3. Inversion of the balance between hydrophobic and hydrogen bonding interactions in protein folding and aggregation.

    Directory of Open Access Journals (Sweden)

    Anthony W Fitzpatrick

    2011-10-01

    Full Text Available Identifying the forces that drive proteins to misfold and aggregate, rather than to fold into their functional states, is fundamental to our understanding of living systems and to our ability to combat protein deposition disorders such as Alzheimer's disease and the spongiform encephalopathies. We report here the finding that the balance between hydrophobic and hydrogen bonding interactions is different for proteins in the processes of folding to their native states and misfolding to the alternative amyloid structures. We find that the minima of the protein free energy landscape for folding and misfolding tend to be respectively dominated by hydrophobic and by hydrogen bonding interactions. These results characterise the nature of the interactions that determine the competition between folding and misfolding of proteins by revealing that the stability of native proteins is primarily determined by hydrophobic interactions between side-chains, while the stability of amyloid fibrils depends more on backbone intermolecular hydrogen bonding interactions.

  4. pH-dependent phase behavior of carbohydrate-based gemini surfactants. Effect of the length of the hydrophobic spacer

    NARCIS (Netherlands)

    Klijn, Jaap E.; Stuart, Marc C. A.; Scarzello, Marco; Wagenaar, Anno; Engberts, Jan B. F. N.

    2006-01-01

    The phase behavior of a series of carbohydrate-based gemini surfactants with varying spacer lengths was studied using static and dynamic light scattering between pH 2 and 12. Cryo-electron microscopy pictures provide evidence for the different morphologies present in solution. The spacer length of

  5. Topology and cellular localization of the small hydrophobic protein of avian metapneumovirus

    Science.gov (United States)

    The small hydrophobic protein (SH) is a type II integral membrane protein that is packaged into virions and is only present in certain paramyxoviruses including metapneumovirus. In addition to a highly divergent primary sequence, SH proteins vary significantly in size among the different viruses. Hu...

  6. Simulation of dynamic behavior of surfactants on a hydrophobic surface using periodic-shell boundary molecular dynamics.

    Science.gov (United States)

    Minami, Daiki; Horikoshi, Satoshi; Sakai, Kenichi; Sakai, Hideki; Abe, Masahiko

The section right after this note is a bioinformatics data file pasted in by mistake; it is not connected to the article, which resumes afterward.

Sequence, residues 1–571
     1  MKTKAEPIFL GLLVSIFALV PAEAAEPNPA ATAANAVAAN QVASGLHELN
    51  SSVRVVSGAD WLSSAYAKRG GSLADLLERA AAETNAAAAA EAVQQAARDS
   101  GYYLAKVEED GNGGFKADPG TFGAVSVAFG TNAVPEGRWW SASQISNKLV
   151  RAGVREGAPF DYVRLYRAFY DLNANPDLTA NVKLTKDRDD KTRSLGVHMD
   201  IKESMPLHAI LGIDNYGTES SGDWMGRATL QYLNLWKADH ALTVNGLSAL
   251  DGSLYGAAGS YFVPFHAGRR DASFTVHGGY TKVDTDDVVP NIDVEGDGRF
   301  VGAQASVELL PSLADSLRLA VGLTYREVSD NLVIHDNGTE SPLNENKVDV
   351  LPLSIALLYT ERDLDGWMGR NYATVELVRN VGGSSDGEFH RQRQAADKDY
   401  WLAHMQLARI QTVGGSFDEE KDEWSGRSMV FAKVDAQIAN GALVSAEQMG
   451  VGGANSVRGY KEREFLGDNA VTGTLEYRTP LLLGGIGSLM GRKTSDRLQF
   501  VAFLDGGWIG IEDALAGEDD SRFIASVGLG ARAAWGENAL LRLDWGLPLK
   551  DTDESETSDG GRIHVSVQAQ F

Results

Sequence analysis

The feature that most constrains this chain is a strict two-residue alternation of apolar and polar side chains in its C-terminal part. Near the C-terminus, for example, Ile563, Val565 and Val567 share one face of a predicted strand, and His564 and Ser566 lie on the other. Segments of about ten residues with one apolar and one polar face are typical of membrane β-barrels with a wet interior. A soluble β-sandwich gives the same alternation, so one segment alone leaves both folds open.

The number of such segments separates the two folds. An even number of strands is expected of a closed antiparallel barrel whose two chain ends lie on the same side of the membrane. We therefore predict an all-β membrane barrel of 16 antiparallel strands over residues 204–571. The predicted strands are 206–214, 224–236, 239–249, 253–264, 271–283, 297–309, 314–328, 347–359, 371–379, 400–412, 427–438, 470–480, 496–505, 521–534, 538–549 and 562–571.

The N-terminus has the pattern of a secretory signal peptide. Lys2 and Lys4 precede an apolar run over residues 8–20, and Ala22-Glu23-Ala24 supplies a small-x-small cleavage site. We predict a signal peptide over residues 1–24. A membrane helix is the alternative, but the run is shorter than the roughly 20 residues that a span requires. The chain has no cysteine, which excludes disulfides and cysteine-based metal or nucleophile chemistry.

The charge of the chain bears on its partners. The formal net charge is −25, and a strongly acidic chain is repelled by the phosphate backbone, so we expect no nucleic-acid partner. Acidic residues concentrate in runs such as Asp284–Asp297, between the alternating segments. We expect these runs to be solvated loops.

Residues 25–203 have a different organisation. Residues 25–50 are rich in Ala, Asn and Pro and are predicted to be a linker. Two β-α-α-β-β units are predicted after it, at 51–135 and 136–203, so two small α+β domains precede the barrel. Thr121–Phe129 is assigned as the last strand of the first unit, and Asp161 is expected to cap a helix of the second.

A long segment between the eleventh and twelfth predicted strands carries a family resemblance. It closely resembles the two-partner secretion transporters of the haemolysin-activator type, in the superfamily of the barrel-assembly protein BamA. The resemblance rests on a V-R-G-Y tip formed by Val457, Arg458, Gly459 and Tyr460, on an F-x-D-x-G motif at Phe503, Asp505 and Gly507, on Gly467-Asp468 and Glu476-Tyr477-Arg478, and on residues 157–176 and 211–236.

2011-01-01

    The adsorption and aggregation behaviors of sodium dodecyl sulfate (SDS) and cetyltrimethylammonium bromide (CTAB) on a hydrophobic graphite surface were examined using a novel molecular dynamics (MD) simulation with the periodic-shell boundary condition (PSBC). Differences in the adsorption behavior of SDS and CTAB molecules were clearly shown on the hydrophobic surface. Unexpectedly, the SDS molecules approached the graphite surface with their hydrophilic head groups. This unexpected approach mode was thought to be due to the aqueous layer on the graphite surface. The hydrophobic moiety of SDS molecules repeatedly adsorbed and desorbed on the graphite surface. In addition, SDS molecules kept moving on the graphite surface; thus, they did not form a stable adsorption layer. In contrast to SDS, the hydrophobic moiety of CTAB molecules approached the graphite surface at the primary step of adsorption. The hydrophobic moieties of CTAB molecules came close to each other, whereas the hydrophilic groups separated from one another. This result suggests that the CTAB molecules form molecular assemblies with a curved structure. The simulation results were consistent with the experimental observations. A clear difference between the adsorption behavior of SDS and CTAB molecules was revealed by MD simulations with PSBC.

  7. Interactions Between Biopolymers and Surfactants with Focus on Fluorosurfactants and Proteins

    OpenAIRE

    Macáková, Lubica

    2007-01-01

    The aim of this thesis was to obtain a better understanding of the association between surfactants and biopolymers in bulk solutions and at solid/aqueous liquid interface. In order to do this, the interactions between surfactants and biopolymers were investigated with a variety of experimental techniques. The main focus has been on the interactions between fluorosurfactants and proteins, which are important during electrophoresis of proteins in silica capillaries. Electrophoretic separation o...